The Academy Award-winning Italian film impresario and producer Dino De Laurentiis who helped revolutionise the way movies are funded and sold, has died.
Daughter Raffaella De Laurentiis said her 91-year-old father, producer of Serpico and Barbarella, was surrounded by family when he died last night at his home in Beverly Hills.
De Laurentiis was regarded as a legend of Italian New Wave film-making. His works also included Bitter Rice and La Strada.
He was tiny, but tough and utterly tireless on set. "Such a little lion," was how his second wife, producer Martha De Laurentiis, put it when he turned 80.
Like any larger-than-life movie figure, De Laurentiis went through boom times and busts. But he always bounced back and his passion for movies never dimmed.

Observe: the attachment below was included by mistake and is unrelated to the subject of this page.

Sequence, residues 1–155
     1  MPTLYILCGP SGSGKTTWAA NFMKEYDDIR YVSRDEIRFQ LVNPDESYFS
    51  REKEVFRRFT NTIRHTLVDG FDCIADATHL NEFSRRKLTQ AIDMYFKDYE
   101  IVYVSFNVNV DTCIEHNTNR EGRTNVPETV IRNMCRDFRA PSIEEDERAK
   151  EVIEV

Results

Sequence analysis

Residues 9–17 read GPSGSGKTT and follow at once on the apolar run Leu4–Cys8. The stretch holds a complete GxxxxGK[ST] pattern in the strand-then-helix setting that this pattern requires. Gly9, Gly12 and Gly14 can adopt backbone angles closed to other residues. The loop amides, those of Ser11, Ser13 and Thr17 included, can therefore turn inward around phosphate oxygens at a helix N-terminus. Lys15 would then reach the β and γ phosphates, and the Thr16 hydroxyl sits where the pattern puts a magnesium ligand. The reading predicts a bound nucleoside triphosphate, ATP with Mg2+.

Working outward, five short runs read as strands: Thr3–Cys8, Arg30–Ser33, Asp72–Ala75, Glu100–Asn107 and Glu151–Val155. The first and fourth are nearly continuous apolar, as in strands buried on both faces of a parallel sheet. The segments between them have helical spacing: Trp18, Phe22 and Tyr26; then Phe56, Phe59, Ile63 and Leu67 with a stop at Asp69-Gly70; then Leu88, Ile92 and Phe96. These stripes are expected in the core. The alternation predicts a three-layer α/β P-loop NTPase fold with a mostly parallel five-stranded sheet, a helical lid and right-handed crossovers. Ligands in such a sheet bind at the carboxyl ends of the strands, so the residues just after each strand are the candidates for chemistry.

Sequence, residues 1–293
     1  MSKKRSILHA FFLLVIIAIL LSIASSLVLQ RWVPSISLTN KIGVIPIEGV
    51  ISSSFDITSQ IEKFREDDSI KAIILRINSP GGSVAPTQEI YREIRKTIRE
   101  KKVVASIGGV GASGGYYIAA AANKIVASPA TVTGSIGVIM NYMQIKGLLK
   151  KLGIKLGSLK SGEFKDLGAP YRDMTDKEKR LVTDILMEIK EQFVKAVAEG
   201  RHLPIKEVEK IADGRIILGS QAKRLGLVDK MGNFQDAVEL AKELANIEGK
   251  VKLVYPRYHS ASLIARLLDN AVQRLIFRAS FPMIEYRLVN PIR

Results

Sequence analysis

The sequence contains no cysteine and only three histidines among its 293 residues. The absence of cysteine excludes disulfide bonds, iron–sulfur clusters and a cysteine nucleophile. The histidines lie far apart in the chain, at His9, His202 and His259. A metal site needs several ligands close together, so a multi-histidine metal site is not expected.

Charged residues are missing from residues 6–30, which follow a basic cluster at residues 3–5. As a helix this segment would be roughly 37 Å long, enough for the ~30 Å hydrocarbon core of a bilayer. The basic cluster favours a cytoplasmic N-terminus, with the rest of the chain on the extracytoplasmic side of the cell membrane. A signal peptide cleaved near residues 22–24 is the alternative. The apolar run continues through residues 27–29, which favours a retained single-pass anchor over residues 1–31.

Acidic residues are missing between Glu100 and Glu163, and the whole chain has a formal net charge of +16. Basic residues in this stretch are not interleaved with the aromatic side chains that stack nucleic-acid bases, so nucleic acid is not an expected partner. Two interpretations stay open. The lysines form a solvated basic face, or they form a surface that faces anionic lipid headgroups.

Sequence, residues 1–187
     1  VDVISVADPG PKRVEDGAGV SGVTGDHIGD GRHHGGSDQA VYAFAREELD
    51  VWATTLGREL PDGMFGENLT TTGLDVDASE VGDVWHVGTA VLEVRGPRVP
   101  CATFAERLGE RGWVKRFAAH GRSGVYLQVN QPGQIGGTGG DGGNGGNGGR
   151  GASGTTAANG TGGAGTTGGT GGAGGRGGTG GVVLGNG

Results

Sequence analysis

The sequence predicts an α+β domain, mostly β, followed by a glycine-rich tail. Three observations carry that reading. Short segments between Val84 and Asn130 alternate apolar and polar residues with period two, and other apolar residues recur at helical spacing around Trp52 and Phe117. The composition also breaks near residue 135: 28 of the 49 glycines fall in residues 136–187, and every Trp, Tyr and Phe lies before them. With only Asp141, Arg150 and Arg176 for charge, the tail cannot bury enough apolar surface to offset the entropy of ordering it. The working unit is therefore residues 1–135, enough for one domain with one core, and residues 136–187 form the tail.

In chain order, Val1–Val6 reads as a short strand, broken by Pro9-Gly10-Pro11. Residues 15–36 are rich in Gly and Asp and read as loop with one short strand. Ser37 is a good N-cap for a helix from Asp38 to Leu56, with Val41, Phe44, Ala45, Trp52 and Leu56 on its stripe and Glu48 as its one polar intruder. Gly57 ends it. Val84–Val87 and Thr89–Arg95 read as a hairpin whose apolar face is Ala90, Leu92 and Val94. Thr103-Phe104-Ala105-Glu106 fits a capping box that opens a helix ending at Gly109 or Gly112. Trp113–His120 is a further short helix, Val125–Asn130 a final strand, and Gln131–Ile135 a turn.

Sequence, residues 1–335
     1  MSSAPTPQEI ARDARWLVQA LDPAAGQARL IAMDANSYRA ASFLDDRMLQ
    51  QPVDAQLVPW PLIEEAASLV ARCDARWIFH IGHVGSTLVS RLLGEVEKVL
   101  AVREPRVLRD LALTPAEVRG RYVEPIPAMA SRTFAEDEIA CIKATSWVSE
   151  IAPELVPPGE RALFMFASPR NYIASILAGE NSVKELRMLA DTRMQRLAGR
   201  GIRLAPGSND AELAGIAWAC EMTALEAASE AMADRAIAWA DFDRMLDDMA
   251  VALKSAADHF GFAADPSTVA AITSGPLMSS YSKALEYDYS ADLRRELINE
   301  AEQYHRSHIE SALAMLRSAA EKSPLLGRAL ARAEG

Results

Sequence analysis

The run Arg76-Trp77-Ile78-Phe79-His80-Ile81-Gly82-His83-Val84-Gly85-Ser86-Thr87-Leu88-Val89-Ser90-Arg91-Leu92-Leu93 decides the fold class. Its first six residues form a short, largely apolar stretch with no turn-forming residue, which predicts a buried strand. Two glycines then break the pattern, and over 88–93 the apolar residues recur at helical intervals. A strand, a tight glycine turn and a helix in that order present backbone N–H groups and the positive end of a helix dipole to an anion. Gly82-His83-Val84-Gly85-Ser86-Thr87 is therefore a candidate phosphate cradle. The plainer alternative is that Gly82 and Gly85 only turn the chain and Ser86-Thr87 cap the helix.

His career spanned hundreds of films, including several Oscar winners and he worked with some of the biggest stars and best directors in the business. His credits include box-office and critical successes such as U-571, War And Peace, Ragtime, Three Days Of The Condor and Blue Velvet.
The Academy Award-winning Serpico in 1973 with Al Pacino was De Laurentiis' Hollywood debut. But by then, he already had two Italian-made Oscar-winners, Federico Fellini's La Strada and Nights of Cabiria, to his credit.
But he was also battered by flops, including the infamous Dune, in 1984 and a truly awful King Kong sequel.
Personal tragedy also took its toll. In 1981, his son Federico was killed in a plane crash.
"My father still to this day can't speak of him...He told me that every morning he wakes up and thinks of him," another daughter Veronica said nearly 20 years after Federico's death.